Carlos Zambrano to disabled list
After the injury cut short Zambrano's start in the second inning on Thursday, he honored a previous commitment after leaving Wrigley Field by throwing out the first pitch at a Chicago Bandits professional softball game in Lisle, Ill., leading some to question his decision on sports radio and Twitter.
Zambrano, who heard all the negative talk, said the appearance was set up months ago through his Zambrano Foundation charity.
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"Whoever plays for the Chicago Cubs has to be aware that the media is strong here," Zambrano said. "Chicago is a big town, but it's a small town. You can't hide in Chicago. That's why I don't go out. I stay at home. I enjoy my family. Back in the day, I used to go out once in a while, but not anymore.
"This is why I keep to myself at home -- too many paparazzi in Chicago."
Cubs manager Mike Quade dismissed the idea that Zambrano risked aggravating the condition with his appearance at the softball game.
"Sounds like much ado about nothing," Quade said on Friday.
Zambrano was asked if he felt that the treatment he receives in the media is fair.
"I'm here in Chicago and I have to stick with it," Zambrano said. "I have to just answer questions. If I do something wrong, I answer. I'm available for you guys all the time. Whoever comes to this town (to play baseball), they have to live with people writing stuff or saying stuff. But that doesn't bother me."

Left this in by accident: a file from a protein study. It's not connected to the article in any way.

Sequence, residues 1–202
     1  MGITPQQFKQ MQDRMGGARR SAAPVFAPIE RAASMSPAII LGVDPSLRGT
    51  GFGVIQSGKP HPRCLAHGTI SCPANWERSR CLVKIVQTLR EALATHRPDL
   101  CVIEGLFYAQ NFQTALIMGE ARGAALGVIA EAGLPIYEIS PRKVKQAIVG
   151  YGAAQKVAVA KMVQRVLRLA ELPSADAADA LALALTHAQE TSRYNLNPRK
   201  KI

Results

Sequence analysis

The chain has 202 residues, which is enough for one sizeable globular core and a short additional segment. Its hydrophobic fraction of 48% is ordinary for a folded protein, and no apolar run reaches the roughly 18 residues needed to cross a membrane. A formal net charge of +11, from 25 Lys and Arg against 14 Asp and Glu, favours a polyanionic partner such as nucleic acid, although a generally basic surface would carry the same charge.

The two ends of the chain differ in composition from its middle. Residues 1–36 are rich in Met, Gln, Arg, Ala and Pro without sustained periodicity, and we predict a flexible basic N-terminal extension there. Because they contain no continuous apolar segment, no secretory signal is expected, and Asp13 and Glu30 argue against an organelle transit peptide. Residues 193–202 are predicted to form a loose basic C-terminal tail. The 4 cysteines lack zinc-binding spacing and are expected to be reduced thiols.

Zambrano has been a lightning rod for media attention during his ten years as a Cub, including June 25, 2010, when he was spotted having dinner with White Sox manager Ozzie Guillen after getting suspended earlier that day by Cubs general manager Jim Hendry. Zambrano had an altercation with first baseman Derrek Lee in the dugout at U.S. Cellular Field that day that led to him undergoing eight months of anger management training.
"Sometimes I see more media members in the clubhouse than players," Zambrano said on Friday. "That means whoever comes to Chicago should be prepared to be in the paper all the time."
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Zambrano will be eligible to come off the DL on July 16, three days after the All-Star Game. Reliever Kerry Wood took Zambrano's spot on the roster after being activated from the disabled list.
Zambrano, who had an epidural to relieve the pain, threw 34 pitches on Thursday before complaining of soreness and leaving the game. He told CSN that he felt pain in his back while covering first base on a bunt by Brandon Crawford in the second inning.
An epidural involves injection of drugs directly into the spinal canal. The procedure is frequently used for childbirth.
Zambrano was expected to make two more starts before the All-Star break. Triple-A pitcher Ramon Ortiz likely will take his spot in the rotation next week.
The burly right-hander suffered from lower back spasms in 2009 that landed him on the disabled list for more than three weeks.
Information from The Associated Press was used in this report.